Wayne Au, California State University, Fullerton
Marc Bousquet, Santa Clara University
Joe Cronin, Antioch University
Antonia Darder, University of Illinois, Urbana-Champaign
George Dei, OISE/University of Toronto
Stephen C. Fleury, Le Moyne College
Kent den Heyer, University of Alberta
Nirmala Erevelles, University of Alabama
Michelle Fine, City University of New York
Gustavo Fischman, Arizona State University
Melissa Freeman, University of Georgia
David Gabbard, East Carolina University
Rich Gibson, San Diego State University
Dave Hill, University of Northampton
Nathalia E. Jaramillo, Purdue University
Saville Kushner, University of West England
Zeus Leonardo, University of California, Berkeley
Pauline Lipman, University of Illinois, Chicago
Lisa Loutzenheiser, University of British Columbia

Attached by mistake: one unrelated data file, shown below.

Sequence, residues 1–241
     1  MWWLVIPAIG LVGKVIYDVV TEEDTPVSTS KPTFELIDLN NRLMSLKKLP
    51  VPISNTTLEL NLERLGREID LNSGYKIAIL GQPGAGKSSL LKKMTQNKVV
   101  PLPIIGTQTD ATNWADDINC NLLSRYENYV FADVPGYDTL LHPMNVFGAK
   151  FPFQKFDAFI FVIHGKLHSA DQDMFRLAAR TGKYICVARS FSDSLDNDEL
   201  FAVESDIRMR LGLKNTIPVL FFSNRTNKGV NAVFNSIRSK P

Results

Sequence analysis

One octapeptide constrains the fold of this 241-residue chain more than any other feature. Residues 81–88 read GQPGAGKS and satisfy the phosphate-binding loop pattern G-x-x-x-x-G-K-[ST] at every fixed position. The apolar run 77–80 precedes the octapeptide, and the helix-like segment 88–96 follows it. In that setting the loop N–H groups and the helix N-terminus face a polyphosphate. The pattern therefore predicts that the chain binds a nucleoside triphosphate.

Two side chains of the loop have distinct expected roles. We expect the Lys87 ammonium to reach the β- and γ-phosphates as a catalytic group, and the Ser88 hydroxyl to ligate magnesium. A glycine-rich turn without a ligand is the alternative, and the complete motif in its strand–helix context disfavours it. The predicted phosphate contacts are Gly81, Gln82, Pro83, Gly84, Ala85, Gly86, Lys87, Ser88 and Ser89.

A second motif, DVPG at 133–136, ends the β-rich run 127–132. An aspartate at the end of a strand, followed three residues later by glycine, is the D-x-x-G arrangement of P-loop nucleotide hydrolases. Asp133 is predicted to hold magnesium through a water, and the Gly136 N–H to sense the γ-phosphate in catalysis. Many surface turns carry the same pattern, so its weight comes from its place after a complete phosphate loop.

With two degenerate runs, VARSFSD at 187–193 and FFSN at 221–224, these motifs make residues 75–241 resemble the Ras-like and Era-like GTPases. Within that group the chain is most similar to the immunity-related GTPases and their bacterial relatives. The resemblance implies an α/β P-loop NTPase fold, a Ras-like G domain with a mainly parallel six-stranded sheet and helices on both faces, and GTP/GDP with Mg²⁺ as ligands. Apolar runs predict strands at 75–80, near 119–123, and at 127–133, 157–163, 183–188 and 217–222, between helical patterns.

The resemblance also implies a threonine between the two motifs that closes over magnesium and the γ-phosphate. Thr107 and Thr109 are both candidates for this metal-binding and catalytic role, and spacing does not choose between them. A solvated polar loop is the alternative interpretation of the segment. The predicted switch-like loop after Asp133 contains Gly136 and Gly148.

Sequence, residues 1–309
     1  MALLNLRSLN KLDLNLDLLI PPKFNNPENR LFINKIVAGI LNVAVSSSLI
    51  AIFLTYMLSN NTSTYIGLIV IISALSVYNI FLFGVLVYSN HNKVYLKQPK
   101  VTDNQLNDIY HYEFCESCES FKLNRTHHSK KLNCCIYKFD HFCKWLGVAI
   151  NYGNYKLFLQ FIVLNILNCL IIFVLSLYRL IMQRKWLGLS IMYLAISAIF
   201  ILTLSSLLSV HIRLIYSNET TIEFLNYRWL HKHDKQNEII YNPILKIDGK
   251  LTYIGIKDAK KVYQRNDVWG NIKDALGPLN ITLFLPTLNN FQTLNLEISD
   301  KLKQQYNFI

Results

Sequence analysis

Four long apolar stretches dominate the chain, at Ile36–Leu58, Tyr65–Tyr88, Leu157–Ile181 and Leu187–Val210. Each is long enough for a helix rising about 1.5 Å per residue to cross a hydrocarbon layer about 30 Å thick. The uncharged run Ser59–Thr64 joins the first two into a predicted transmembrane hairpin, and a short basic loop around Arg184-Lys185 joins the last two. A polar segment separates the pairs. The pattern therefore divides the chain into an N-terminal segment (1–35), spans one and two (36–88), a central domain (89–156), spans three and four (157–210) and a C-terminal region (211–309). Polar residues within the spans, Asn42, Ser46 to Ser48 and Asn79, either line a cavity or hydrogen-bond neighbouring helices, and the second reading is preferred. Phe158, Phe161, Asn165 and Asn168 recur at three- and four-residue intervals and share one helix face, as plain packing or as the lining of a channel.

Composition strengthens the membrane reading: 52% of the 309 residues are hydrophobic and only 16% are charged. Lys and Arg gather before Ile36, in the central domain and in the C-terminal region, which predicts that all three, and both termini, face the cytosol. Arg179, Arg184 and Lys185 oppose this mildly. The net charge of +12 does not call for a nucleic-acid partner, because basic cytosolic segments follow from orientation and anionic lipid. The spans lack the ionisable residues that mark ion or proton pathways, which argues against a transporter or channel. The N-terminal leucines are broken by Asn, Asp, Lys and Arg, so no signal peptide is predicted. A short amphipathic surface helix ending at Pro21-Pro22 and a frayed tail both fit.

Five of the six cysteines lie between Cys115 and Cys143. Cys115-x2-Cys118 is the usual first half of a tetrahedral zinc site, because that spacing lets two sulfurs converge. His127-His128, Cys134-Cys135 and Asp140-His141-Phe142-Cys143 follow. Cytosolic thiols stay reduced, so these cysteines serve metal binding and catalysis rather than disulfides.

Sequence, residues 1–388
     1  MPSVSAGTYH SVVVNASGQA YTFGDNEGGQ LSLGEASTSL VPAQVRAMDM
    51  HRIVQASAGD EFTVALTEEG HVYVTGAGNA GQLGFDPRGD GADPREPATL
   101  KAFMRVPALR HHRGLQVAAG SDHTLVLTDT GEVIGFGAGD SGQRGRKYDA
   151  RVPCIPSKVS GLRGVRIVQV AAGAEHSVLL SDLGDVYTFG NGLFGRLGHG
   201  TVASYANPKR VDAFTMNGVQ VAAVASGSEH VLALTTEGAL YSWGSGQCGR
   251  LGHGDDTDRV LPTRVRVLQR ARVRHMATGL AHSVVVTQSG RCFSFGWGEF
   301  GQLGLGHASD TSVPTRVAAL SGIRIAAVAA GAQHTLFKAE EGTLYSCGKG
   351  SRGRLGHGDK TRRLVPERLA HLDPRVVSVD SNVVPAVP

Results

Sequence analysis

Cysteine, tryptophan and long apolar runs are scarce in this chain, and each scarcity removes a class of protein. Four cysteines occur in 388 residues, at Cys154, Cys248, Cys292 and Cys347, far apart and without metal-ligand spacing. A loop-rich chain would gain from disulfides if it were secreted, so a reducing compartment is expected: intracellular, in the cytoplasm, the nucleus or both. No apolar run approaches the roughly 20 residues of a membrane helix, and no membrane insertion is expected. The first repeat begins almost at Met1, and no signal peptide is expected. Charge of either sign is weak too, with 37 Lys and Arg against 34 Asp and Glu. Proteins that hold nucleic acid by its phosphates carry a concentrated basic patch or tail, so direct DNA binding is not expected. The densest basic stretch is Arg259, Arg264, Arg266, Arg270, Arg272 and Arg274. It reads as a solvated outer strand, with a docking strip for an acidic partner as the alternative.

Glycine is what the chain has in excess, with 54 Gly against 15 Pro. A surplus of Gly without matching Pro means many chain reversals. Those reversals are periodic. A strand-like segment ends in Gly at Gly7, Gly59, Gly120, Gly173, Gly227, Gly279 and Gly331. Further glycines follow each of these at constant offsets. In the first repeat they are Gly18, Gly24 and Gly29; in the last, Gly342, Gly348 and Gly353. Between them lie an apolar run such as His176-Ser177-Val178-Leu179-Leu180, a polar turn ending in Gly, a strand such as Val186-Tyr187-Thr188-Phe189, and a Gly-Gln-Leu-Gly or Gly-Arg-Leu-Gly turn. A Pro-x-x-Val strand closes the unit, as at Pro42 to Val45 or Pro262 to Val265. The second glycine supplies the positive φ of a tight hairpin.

Marvin Lynn, University of Illinois, Chicago
Sheila Macrine, Montclair State University
Perry M. Marker, Sonoma State University
Rebecca Martusewicz, Eastern Michigan University
Peter McLaren, University of California, Los Angeles
Stephen Petrina, University of British Columbia
Stuart R. Poyntz, Simon Fraser University
Patrick Shannon, Penn State University
Kevin D. Vinson, University of the West Indies
John F. Welsh, Louisville, KY

Online submission and author guidelines can be found here:
http://m1.cust. educ.ubc. ca/journal/ index.php/ criticaled/ about/submission s#onlineSubmissi ons

E. Wayne Ross
Professor
Department of Curriculum and Pedagogy
University of British Columbia
2125 Main Mall
Vancouver, BC V6T 1Z4
Canada
604-822-2830